Friday, March 06, 2009
Palin bucks pressure in Supreme Court appointment
SCRUTINY: Selection went against push from Alaska Family Council.
By LISA DEMER
Gov. Sarah Palin on Wednesday picked an Anchorage judge to fill the latest vacancy on the Alaska Supreme Court despite efforts by a conservative Christian group to convince her to do otherwise.
Anchorage Superior Court Judge Morgan Christen, on the bench since 2002, will be just the second woman named to the high court in the 50 years since statehood.
"Alaska's Supreme Court bears the awesome responsibility of ensuring that our court system administers justice in firm accordance with the principles laid down in our state Constitution," Palin said in a written statement. "I have every confidence that Judge Christen has the experience, intellect, wisdom and character to be an outstanding Supreme Court justice."
Under the state Constitution, Palin had to select from among the nominees sent to her by the seven-member Alaska Judicial Council, made up of lawyers, public members appointed by governors and the Supreme Court chief justice, currently Dana Fabe.
Last week, without explaining why, Palin took the unusual step of asking the Judicial Council to send her all information it had on the two finalists, Christen and Palmer Superior Court Judge Eric Smith.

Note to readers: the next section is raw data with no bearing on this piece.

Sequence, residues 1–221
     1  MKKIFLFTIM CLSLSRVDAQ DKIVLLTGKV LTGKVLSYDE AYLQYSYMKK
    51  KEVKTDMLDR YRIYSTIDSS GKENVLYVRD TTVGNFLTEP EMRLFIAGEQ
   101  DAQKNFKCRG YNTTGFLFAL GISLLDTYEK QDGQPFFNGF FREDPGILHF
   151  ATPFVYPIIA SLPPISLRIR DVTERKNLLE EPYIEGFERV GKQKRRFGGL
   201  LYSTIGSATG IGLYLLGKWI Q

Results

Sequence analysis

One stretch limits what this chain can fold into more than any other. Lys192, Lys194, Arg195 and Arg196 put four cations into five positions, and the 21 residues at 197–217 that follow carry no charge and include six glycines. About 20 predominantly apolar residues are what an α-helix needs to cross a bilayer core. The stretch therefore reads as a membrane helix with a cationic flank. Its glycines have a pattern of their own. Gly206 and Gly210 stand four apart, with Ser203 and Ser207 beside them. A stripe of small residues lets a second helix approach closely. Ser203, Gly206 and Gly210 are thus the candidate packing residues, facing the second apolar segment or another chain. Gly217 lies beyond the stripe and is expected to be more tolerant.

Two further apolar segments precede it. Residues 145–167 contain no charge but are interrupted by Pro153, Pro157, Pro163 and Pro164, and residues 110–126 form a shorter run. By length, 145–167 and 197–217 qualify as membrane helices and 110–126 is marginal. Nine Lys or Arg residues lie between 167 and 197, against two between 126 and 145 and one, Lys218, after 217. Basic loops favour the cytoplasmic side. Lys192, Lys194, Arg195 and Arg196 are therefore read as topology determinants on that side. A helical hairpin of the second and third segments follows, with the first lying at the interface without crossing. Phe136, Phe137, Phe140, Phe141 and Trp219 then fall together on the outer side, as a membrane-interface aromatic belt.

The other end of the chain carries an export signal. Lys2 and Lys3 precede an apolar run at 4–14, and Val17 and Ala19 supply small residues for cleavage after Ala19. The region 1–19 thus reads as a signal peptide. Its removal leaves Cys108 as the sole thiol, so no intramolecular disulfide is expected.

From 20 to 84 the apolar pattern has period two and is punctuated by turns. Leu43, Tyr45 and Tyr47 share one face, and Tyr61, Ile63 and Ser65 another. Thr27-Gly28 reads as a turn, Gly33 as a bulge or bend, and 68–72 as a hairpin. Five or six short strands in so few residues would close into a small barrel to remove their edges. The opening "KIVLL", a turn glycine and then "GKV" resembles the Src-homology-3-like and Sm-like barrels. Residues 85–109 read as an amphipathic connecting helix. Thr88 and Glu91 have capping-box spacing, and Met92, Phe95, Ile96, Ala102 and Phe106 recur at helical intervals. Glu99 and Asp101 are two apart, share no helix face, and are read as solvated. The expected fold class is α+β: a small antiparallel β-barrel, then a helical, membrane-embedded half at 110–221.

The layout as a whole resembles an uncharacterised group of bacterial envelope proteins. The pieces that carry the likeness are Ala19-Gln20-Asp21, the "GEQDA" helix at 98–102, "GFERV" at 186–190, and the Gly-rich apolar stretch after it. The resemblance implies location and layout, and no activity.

The council nominated them from a slate of six applicants. It takes four council votes for a candidate to be sent to the governor. None of the other candidates received any votes.
The head of the Alaska Family Council -- a Christian pro-family, anti-abortion group -- on Wednesday sent an e-mail to thousands of people asking them to urge Palin to pick Smith, not Christen.
The governor's office received about 100 letters, e-mails and faxes from the public about the Supreme Court appointment, including some from the family council, Palin's spokeswoman, Sharon Leighow, said in an e-mail. That was not an unusual number, Leighow said.
The family council plea, from group president Jim Minnery, said Smith was "more conservative" and that Christen would be "another activist on the Court." In an interview, Minnery said that was the "general consensus" but he had no specifics.